Here’s how the Getty letter demand program works. Getty uses PicScout, a software developed in Israel by two engineers, to scan and scour millions of websites for images that are contained in its catalog. When PicScout finds a match it reports the find to Getty which now uses its subsidiary License Compliance Service to issue a threatening letter. The letters used to demand over $1000 to $1500 per image when the program started. But in large part due to Matt Chan’s, ELI’s and my efforts hey demands are around $500. But the reason why we all call it “legalized extortion” is that Getty refuses to show proof of ownership of the images or proof that the photographer has authorized Getty to pursue damages or proof that Getty ever licensed the images for any amount of money close to the demanded amount. But the reason why Getty’s trolling program works is that few folks are willing to fight a billion dollar company over a $500 claim. Getty has tried many times to thwart ELI and my efforts. In fact, even now, cases of Getty letter recipients who hire me are not handled like anyone else’s – instead they are referred to a Seattle law firm Yarmuth and Wilsdon who threatens to file suit over a single digital image if the client doesn’t pay the demanded amount. They never do that to NY letter recipients though since they know I would represent them for free in such a case so even if these targets want to use my services they will need to hire a local lawyer to defend the a case in the local Federal court. Since that will invariably cost more than the demanded amount, Getty gets their pound of flesh without ever having to prove the validity of their claim. Let me give you an analogy: Say you’re driving and by mistake you tap into the bumper of the car in front of you who was stopped at a red light. Although you see only a minor scratch on the other vehicle, you exchange information. A year later, you get a letter from the other car’s driver asking for $500 to repair the scratch. You ask him to send you a repair bill or other proof that the car repair cost that much. He refuses. Now he sues you in court. You were in the wrong but you feel he will have a hard time proving his case so you’r ready to fight him in small claims court. But copyright cases don;t go to small claims, no matter the value. They go to Federal Court. And if your website is owned by a company or a corporation (as most business websites are) you MUST get a lawyer as a corporation cannot represent itself in court. Now what? Do you spend $2,500-$5,000 as an initial retainer to fight a $500 claim? No you pay up and go home.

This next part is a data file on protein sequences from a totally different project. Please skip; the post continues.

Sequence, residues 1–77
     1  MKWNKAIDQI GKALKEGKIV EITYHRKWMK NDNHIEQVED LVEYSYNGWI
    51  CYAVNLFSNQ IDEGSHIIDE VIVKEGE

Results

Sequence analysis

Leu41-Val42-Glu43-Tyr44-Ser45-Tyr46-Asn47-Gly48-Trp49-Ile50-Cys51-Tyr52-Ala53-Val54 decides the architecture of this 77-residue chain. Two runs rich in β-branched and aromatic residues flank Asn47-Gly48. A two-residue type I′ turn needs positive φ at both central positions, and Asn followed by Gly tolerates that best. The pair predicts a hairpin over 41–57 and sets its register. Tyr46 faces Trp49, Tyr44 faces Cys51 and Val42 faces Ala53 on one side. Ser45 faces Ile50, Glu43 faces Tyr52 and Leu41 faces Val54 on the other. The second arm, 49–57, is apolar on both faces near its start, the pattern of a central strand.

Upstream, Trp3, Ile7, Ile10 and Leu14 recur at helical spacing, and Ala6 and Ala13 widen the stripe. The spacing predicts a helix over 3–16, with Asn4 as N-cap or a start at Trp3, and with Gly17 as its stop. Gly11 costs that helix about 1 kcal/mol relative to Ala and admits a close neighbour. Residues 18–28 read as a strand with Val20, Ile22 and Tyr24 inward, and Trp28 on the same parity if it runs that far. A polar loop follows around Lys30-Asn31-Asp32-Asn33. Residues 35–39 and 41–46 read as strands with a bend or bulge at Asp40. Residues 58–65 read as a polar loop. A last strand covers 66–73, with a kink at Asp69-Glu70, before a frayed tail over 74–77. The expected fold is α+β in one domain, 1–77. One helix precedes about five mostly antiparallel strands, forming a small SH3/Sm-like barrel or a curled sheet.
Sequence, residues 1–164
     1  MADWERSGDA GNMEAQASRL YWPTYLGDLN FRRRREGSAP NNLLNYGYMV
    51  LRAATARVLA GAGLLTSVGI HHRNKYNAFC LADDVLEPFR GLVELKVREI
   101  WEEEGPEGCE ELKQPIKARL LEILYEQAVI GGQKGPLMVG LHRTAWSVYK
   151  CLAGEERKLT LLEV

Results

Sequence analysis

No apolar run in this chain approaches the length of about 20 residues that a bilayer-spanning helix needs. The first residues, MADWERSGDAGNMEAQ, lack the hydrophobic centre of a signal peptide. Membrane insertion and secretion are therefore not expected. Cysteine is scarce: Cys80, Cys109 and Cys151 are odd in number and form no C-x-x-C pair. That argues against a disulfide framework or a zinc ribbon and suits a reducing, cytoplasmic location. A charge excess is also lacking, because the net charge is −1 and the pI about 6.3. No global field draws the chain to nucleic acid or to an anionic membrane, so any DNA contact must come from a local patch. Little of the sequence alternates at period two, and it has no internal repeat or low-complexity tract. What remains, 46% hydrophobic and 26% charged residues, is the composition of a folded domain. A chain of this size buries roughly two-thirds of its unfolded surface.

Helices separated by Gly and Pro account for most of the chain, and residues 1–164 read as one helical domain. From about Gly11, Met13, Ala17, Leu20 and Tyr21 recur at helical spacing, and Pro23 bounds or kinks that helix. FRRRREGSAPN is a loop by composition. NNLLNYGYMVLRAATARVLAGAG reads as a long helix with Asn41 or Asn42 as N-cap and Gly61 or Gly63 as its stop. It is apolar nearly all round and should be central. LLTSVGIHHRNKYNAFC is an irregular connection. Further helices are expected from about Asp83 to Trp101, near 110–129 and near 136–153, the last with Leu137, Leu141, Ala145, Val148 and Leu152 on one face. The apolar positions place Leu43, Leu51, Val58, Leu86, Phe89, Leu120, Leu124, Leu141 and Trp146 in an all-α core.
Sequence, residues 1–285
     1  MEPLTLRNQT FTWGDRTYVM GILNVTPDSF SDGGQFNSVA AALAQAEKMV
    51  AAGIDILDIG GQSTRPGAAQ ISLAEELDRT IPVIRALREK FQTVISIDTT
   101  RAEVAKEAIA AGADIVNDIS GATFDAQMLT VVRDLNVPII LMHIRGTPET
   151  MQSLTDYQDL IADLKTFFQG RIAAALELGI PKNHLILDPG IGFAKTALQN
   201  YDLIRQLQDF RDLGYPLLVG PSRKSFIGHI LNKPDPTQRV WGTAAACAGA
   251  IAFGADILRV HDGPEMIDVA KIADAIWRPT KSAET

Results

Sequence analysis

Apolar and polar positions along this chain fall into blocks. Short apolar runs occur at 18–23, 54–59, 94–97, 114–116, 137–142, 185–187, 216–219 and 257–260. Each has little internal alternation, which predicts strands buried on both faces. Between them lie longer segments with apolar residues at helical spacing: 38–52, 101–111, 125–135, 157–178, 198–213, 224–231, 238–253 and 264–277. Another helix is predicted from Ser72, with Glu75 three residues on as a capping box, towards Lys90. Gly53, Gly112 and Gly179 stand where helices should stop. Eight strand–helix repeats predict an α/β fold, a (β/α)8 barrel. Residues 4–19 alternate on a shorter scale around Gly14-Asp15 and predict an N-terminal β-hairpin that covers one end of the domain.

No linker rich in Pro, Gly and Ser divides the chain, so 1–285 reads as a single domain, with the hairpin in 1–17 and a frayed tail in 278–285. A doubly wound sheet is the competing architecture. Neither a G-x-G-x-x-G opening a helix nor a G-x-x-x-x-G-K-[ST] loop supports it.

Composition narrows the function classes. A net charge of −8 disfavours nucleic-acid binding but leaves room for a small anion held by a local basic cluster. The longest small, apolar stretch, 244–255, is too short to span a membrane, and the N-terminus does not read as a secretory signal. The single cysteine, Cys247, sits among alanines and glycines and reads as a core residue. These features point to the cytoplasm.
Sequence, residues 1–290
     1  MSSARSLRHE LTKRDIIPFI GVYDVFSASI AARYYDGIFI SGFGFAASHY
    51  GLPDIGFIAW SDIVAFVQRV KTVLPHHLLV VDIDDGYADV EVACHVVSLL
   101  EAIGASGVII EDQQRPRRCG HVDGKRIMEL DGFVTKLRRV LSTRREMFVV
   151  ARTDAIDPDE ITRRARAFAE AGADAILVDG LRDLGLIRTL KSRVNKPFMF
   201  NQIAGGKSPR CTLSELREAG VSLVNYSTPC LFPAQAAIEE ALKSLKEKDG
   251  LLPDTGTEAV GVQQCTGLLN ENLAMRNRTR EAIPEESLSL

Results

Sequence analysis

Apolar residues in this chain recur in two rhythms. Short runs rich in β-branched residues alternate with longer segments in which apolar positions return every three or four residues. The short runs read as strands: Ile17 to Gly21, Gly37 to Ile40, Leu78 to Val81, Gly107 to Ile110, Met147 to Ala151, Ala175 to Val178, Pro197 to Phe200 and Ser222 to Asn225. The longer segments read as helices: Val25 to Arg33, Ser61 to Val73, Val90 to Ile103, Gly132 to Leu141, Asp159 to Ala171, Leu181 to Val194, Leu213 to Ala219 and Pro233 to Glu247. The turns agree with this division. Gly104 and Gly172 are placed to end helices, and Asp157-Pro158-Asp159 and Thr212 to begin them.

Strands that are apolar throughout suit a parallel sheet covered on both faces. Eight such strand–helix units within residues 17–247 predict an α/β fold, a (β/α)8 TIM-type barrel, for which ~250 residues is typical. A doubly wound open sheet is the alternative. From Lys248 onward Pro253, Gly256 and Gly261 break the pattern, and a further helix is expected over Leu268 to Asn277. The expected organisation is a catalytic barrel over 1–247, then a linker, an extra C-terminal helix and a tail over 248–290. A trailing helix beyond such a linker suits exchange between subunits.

But Getty mis-stepped here. Its program is so massive that it doesn’t check into who they are sending letters out to; there are no checks and balances. If PicScout says you stole a Getty image, you get a letter. And believe me it usually works. After all, back about two years ago Getty bought PicScout for over $20 Million and it now licenses PicScout and LCS to its own competitors for their use. So Getty’s competitors are paying Getty for their own infringement program. Here Getty demanded only $120 from Ms Highsmith. I am sure they never expected that their $120 demand letter would land them in a billion dollar lawsuit. It took me five full minutes to stop laughing when I read Ms. Highsmith complaint, which you can find HERE. It couldn’t happen to nicer guys.